New York

Nancy Spero

Galerie Lelong & Co.

The timely resurrection of Nancy Spero’s passionate antiwar imagery—produced nearly four decades ago against the backdrop of the conflict in Vietnam—seemed a thinly veiled reminder that history repeats itself. To view Spero’s “War Series 1966–70” without simultaneously considering the current political climate simply wasn’t possible; and the remarkable fact that these vibrant, scatological gouache-and-ink paintings on paper had never been shown in the United States raised larger questions about artistic production and censorship during political crises past and present.

These works were designed to agitate, and time has done little to wear away that effect. Fuck, 1966, features a hoard of repugnant, ravenous missiles each branded with a corporate-looking f.u.c.k. logo gobbling down the naked, bloodied bodies of unarmed civilian victims; in Love to Hanoi, 1967, a malignant nuke belches toxins and proclaims l.o.v.e. t.o. h.a.n.o.i. x.x.x. u.s. Spero’s methods (spattering, slinging, rubbing) are nearly as base as the frenzied images she wrestles into being, and her loosely running pigments and feathery paper take on aspects of the body (say, blood and skin) that are at once abominable and exquisite. While the United States’ involvement in Vietnam was what initially propelled the artist into action, her subject was actually the primordial behavior of the human animal during every such “engagement.” Heavily coded signifiers such as the swastika were regularly employed in ambivalently charged tableaux such as Eagles, Swastikas, Victims, 1968, not in order to draw literal equations between one isolated event and another (i.e., the Holocaust and Vietnam) but instead to suggest that abuses of power are part of an ongoing and necessarily imbricated narrative.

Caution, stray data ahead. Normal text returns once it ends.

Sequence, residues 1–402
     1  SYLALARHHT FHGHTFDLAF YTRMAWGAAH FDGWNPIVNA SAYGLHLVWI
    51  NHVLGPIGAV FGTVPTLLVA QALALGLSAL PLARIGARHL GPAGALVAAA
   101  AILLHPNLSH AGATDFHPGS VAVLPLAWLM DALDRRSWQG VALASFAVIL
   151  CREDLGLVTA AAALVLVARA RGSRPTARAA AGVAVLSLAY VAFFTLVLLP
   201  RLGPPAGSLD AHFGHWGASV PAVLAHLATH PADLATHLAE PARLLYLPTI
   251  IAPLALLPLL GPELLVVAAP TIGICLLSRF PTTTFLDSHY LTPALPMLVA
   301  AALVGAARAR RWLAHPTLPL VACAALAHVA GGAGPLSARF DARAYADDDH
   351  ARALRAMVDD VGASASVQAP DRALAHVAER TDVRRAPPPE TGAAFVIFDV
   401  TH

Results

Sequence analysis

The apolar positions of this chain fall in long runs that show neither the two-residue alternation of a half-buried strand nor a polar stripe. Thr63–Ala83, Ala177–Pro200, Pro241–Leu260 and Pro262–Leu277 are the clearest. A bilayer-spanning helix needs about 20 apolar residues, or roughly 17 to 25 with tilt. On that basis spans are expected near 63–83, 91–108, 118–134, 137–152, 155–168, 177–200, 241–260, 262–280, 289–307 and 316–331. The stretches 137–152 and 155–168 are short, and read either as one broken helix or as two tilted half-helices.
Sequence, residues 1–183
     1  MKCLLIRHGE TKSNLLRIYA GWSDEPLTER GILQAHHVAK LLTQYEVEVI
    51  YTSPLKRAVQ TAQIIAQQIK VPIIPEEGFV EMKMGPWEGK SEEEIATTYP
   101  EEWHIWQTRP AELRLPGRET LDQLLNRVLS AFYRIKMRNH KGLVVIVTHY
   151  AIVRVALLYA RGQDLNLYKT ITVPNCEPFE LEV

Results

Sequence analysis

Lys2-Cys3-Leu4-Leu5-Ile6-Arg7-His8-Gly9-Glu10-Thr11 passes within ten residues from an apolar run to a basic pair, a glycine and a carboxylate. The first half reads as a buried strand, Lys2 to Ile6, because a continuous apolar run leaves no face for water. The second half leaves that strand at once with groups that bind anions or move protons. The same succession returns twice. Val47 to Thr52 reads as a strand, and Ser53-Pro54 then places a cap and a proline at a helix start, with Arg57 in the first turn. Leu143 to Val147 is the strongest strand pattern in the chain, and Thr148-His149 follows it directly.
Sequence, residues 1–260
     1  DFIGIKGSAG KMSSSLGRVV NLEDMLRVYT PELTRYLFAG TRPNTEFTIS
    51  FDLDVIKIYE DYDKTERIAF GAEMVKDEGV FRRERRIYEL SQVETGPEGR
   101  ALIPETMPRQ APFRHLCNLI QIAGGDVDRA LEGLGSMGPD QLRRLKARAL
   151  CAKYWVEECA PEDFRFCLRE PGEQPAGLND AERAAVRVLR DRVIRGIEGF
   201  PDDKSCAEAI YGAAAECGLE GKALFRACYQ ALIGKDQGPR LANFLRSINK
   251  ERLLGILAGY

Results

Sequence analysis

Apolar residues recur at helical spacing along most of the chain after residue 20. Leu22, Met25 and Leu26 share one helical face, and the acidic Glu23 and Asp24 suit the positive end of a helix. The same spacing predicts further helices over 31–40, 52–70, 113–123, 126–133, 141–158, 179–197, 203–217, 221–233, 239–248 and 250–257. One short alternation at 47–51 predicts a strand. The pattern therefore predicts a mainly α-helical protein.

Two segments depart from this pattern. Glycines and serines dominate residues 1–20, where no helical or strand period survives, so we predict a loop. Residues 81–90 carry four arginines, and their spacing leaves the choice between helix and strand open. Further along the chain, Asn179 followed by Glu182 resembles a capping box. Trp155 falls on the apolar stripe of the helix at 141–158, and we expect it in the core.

While certainly influenced by ghastly (and theretofore unthinkable) images from the “first televised war,” Spero’s medusa heads and totemic phalluses are closer kin to hieroglyphics (the artist continues even now to utilize this iconic style, though a few years after the “War Series” she dispensed with the male image, coming to focus exclusively on representations of women, real and mythic). Indeed, there is no such thing as an inanimate object for Spero, who renders helicopters as big, bone-crushing bugs and bombs as carnal behemoths shooting strange brews of, say, shrapnel and sperm. Her bombs (male, female, or androgynous) erupt into mushroom clouds that are equally noxious and ecstatic—an orgasmic nihilism exponentially more far-reaching than any single petite mort—relentlessly reminding us that violence is very often bound up with sadistic sexuality. Yet even as she points to the ferocity of human beings in general, Spero’s depictions of the fairer sex typically depend on a more complicated inner logic. While the “male bombs” unleash terror with extravagant singlemindedness, in Female Bomb, 1966, for instance, there’s a more ambivalent creative/destructive kind of combustion. A multibreasted “great mother” figure—usually a symbol of nourishment and care—is torn asunder as knife-tongued A-bomb harpies shoot from her trunk.

Spero’s allegorical works suggest that war encourages the fierce return, in both sexes, to self-gratifying infantile oral, anal, and genital stages (with bodies reduced to tongues, assholes, and pricks). While these scenes are undeniably linked to a historical event, they’re also filled with a hallucination’s pathos (as in Clown and Helicopter, 1967, where a Christlike jester rides a glowing helicopter with a cross in one hand, a cannon between his legs, and a halo at his head). In this respect, the (continued) power of “War Series 1966–70” derives not only from its uncanny illumination of apparently inevitable—if lamentable—historical repetitions but also from Spero’s palpable willingness to deliver a passionate politics infused with body, bias, and hyperbole: in other words, the personal.

Johanna Burton